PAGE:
Delta ownership of Pinnacle would bring Pinnacle full circle from 2002, when Pinnacle's predecessor, Express Airlines, was spun off by Northwest Airlines and renamed in an initial public offering.
Jan. 04--The future of Pinnacle Airlines Corp.'s Memphis headquarters was further clouded Thursday by news that Pinnacle could exit bankruptcy as a Delta Air Lines subsidiary.
Delta's intended ownership stake in its regional airline partner Pinnacle is one of several provisions set forth in comprehensive agreements that are awaiting U.S. Bankruptcy Court approval.
It wasn't clear what the agreement means for Pinnacle's Downtown Memphis headquarters, where the company moved more than 600 employees in 2011 before financial troubles set in. Pinnacle officials have been considering moving headquarters to Minneapolis in a cost-saving move.
The headquarters choice could be moot depending on how hard Delta pushes to wring out redundant costs of operating Pinnacle as an independent company, airline industry experts said.
"My feeling is if Delta does get beneficial control of the company, they're probably going to do what's right for Delta, and that probably means goodbye Memphis," said Michael Boyd, chairman of aviation consulting firm Boyd Group International.
A Delta stake in Pinnacle isn't likely to be well-received by Delta's critics in Memphis, who have lambasted the Atlanta-based carrier for slashing service at Memphis International Airport since Delta's merger with the former Northwest Airlines in 2008.
Public hostility could make it easier politically for Delta to pull the plug on Pinnacle's Memphis presence. "Right now Memphis is not exactly rolling out the red carpet for Delta," Boyd said.
Airline Weekly managing director Seth Kaplan said acquisition deals always bring potential cost savings. "When companies merge or acquire companies, part of what they're looking for is cost savings from things like reducing redundant management structures, so, very generally, you could imagine them not needing all of what they have there now."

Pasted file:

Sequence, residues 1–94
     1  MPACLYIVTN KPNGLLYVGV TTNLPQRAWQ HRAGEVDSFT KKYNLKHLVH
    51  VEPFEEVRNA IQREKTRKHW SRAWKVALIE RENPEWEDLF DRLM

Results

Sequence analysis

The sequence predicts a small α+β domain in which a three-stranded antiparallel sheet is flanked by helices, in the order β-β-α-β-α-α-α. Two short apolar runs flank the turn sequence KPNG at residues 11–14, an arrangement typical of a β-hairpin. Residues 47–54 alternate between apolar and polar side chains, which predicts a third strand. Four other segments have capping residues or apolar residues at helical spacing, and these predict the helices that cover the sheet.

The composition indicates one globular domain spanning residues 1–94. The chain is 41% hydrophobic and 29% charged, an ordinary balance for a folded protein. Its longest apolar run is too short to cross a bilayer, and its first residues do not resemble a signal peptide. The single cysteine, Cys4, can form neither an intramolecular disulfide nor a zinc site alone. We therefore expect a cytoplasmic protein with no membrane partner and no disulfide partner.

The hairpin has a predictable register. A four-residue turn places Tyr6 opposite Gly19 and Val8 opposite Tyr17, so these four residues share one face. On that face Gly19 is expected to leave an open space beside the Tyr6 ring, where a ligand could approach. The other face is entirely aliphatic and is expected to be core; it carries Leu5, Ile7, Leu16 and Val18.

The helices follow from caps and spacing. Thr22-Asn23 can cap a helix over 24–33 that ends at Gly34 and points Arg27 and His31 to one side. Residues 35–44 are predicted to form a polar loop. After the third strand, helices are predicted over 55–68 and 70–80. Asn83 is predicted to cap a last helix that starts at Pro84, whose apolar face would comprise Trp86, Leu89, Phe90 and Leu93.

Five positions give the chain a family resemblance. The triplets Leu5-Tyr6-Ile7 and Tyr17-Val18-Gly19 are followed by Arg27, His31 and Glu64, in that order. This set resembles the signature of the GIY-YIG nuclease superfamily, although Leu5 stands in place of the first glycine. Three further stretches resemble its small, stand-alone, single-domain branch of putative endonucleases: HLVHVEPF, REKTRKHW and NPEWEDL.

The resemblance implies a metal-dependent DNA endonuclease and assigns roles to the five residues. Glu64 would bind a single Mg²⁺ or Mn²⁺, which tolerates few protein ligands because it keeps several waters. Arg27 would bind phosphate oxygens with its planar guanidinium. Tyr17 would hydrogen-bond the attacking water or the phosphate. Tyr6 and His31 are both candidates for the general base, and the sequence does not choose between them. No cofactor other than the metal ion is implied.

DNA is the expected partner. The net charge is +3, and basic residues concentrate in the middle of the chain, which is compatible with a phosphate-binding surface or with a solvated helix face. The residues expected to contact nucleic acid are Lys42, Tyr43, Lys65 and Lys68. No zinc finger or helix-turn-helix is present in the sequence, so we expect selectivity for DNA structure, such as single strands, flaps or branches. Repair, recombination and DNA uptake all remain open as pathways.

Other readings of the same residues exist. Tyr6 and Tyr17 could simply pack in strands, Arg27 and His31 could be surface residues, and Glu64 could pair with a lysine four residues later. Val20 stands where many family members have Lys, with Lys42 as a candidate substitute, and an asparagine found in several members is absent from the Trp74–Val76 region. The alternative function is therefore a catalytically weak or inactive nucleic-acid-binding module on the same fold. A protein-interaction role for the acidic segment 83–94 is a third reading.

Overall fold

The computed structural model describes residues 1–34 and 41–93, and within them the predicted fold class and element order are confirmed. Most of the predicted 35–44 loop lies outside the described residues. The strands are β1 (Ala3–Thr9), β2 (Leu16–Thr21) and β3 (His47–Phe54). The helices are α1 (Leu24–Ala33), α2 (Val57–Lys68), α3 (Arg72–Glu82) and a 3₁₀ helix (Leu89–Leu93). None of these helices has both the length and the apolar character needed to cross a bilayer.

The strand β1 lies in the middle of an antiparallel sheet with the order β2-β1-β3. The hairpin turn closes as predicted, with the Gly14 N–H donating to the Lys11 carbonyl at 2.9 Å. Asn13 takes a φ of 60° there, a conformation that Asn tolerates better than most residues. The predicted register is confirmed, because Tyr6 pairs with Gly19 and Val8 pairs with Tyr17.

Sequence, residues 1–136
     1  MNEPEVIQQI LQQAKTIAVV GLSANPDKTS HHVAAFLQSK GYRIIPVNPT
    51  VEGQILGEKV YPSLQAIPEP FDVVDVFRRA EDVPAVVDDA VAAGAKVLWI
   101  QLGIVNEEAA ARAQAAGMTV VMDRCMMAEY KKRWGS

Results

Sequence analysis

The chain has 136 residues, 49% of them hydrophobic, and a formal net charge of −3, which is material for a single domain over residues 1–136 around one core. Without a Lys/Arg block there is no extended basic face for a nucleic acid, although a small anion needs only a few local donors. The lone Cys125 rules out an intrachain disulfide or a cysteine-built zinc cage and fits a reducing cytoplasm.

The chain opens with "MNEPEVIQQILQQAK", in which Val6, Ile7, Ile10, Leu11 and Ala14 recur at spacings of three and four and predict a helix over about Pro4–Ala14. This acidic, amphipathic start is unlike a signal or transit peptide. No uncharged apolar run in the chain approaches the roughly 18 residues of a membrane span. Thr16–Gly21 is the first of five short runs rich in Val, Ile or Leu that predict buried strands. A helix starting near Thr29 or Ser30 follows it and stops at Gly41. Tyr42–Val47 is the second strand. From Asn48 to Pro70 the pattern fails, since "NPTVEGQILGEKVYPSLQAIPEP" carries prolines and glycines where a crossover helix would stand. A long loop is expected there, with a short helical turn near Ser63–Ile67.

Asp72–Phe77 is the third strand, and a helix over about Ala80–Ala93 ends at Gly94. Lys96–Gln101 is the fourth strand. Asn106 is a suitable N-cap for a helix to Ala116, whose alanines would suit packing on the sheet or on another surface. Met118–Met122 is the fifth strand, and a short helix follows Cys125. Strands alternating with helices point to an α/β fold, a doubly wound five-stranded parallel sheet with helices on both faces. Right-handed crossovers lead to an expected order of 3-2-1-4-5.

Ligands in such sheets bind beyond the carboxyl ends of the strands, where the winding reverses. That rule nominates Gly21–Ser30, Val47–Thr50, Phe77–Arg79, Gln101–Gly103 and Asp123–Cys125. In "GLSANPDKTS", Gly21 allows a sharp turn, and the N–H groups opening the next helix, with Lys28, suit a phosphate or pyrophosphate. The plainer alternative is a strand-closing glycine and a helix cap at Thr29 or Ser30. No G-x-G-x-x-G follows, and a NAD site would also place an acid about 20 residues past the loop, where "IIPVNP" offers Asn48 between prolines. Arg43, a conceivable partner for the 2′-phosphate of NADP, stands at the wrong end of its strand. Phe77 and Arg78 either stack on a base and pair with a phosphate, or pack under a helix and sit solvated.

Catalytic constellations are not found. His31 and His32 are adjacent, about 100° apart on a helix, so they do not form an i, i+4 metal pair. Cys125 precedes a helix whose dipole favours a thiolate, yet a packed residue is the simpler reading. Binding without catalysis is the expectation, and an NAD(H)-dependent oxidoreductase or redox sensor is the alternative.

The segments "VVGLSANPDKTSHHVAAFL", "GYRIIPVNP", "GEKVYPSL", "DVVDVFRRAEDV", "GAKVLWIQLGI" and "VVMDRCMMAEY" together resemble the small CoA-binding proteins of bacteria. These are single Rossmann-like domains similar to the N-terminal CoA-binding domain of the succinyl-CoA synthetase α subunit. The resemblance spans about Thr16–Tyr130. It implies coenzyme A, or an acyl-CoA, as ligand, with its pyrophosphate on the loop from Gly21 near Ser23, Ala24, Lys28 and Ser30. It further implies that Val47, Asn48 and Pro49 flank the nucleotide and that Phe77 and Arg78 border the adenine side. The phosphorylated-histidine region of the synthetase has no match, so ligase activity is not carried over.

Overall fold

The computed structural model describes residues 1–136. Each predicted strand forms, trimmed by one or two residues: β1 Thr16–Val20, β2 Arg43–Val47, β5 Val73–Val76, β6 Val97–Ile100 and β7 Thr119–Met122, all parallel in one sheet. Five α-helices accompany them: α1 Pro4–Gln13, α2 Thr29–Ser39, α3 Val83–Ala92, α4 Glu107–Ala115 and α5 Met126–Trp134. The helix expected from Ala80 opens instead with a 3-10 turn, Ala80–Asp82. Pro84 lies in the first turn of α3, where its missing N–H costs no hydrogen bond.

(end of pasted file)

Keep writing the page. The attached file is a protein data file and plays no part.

However, Kaplan added, "I doubt they'd totally merge it into Delta, if for no other reason than they'd want to keep it separate enough that they could easily sell it again someday if they want. Because it's a separate carrier, a lot of operational stuff would have to remain separate, because the FAA would see them as two separate airlines even if they might be financially one company. So it's not as if everything Pinnacle would disappear."
Mayor A C Wharton said Memphis officials had been in contact with Delta about maintaining Pinnacle offices in the city. "It does concern us, and we're not sitting idly by. Although it would be owned by Delta, it still would be an operating carrier, and there would still be a need for a headquarters location. It all boils down to which location is best for the shareholders, and we think the Memphis location is extremely competitive compared to the other sites."
Pinnacle filed a statement with the Securities and Exchange Commission Thursday summing up recent developments pointing to its emergence from bankruptcy later this year, pending approval by the court and a favorable vote on wage and benefit concessions by the company's unionized pilots. Pilots are scheduled to vote on contract changes Friday through Jan. 15.